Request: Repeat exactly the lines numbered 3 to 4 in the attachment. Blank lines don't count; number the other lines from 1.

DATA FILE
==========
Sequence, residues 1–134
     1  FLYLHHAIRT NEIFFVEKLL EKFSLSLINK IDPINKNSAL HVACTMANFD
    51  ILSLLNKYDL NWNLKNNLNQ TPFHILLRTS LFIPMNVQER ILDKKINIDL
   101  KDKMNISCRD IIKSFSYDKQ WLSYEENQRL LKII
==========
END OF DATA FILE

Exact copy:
    51  ILSLLNKYDL NWNLKNNLNQ TPFHILLRTS LFIPMNVQER ILDKKINIDL
   101  KDKMNISCRD IIKSFSYDKQ WLSYEENQRL LKII